There will always be a demand for better, more efficient heat and air conditioning technology. The less energy we consume to heat and cool our homes, the more money we save. Plus, we can reduce our impact on climate change by burning fewer fossil fuels to meet our home comfort needs. With those ideas in mind, the federal Department of Energy is chipping in to help develop new HVAC technology as part of its Building America program. Read on to learn more about the investment and what it means for you.
Seeking Billions in Savings
The Building America program has some lofty goals – a 50 percent reduction in energy consumption in new homes by 2025, and a 40 percent decrease among existing homes by 2030. Since heat and air conditioning make up the largest chunk of energy usage in the average home – Americans spend $70 billion for heating and $24 billion for cooling in total, according to the DOE – that's the place that efficiency technology can make the biggest impact.
That's why the Energy Department is dedicating $4 million to support new innovations and technology in the heat and air conditioning arena, focusing on three areas:
- High performance building materials, assemblies and systems
- Optimal comfort systems for heating and cooling, air distribution, and humidity control
- High performance ventilation systems and indoor air quality strategies
Technology Tailored to Climate
Projects will also be tailored toward meeting heat and air conditioning needs in three distinct climate zones of the country: hot/humid, mixed humid and cold. For example, high-efficiency air conditioners will see a greater return on investment in warmer climates, and likewise for energy-saving heating solutions in colder areas of the country.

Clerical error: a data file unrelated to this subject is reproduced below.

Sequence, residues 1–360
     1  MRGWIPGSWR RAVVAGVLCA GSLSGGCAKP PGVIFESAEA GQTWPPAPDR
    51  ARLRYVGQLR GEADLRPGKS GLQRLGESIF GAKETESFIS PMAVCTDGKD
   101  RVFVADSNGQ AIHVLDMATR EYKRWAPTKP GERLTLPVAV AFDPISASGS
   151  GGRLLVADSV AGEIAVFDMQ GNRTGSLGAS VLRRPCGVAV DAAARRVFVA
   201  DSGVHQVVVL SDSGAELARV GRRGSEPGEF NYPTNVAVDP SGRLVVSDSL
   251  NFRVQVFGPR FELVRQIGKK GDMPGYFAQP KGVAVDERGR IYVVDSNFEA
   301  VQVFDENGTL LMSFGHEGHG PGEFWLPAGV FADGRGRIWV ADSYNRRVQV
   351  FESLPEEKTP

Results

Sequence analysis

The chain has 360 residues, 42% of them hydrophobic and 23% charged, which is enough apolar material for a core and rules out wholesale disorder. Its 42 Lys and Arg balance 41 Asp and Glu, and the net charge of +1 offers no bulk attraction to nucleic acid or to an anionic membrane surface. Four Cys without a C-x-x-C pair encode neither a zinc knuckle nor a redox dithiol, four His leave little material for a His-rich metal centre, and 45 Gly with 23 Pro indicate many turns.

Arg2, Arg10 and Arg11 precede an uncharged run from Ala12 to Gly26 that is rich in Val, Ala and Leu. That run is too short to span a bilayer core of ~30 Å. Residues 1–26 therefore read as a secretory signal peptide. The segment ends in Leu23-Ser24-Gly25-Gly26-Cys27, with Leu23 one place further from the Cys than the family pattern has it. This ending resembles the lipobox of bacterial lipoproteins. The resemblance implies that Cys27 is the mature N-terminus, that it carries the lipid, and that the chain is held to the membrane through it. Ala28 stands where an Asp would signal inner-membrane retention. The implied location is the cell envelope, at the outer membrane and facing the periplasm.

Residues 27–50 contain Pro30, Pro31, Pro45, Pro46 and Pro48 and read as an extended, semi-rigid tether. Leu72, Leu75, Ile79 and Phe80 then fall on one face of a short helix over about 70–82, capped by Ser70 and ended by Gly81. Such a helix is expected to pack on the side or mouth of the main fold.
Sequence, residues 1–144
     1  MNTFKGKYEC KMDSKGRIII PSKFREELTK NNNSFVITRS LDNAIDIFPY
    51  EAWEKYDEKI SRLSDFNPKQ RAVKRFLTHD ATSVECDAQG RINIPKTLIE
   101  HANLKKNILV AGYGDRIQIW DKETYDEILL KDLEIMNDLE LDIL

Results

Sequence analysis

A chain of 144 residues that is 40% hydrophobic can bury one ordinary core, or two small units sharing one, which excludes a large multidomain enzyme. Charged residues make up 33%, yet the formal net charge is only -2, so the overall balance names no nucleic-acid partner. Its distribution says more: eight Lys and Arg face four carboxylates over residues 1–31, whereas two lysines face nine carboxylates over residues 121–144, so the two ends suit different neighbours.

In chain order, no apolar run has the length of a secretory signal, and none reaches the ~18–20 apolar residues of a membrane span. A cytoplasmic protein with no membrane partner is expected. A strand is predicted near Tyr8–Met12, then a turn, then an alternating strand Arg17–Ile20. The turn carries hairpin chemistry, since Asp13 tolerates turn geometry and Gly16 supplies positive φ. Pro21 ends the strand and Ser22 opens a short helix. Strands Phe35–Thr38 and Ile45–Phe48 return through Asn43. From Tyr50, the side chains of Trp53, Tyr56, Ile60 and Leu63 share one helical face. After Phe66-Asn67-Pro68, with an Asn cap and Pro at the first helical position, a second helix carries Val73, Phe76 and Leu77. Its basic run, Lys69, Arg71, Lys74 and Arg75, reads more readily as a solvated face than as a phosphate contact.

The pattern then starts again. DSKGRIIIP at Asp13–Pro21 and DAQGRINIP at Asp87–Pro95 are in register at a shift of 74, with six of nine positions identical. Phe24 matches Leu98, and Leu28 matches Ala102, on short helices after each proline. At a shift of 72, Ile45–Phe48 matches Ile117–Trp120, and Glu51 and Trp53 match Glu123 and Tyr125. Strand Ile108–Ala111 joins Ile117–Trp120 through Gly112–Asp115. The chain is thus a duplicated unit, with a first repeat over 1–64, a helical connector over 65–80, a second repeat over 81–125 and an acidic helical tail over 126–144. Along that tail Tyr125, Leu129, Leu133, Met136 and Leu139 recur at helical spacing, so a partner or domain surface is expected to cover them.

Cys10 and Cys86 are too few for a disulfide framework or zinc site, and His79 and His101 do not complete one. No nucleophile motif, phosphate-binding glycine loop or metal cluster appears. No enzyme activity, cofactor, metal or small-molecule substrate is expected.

One of the grant recipients working on the warm-weather piece of the equation is the Building America Partnership for Improved Residential Construction, led by the Florida Solar Energy Center at the University of Central Florida. The team will get $1 million to support its research in heat and air conditioning, as well as distribution, ventilation and indoor air quality.
“This research will help us develop integrated approaches to making homes more energy efficient while keeping them comfortable, healthy and durable,” Eric Martin, the project’s lead researcher and program director in FSEC’s Building Research Division, said in a press release.
Don't Wait to Improve Your Own Efficiency
Another lab at the University of Washington is leading the research into better cold-weather solutions, while industry partners across the country work on developing improved doors, windows, roofs and walls to beef up home insulation.
All the attention and investment toward efficiency is a promising development in the road to a greener, more energy-secure future. You don't even have to wait for new technologies to hit the market to make a difference in your own home. If you want to cut back on your bills today, have a heat and air conditioning expert pay a call to conduct an energy audit.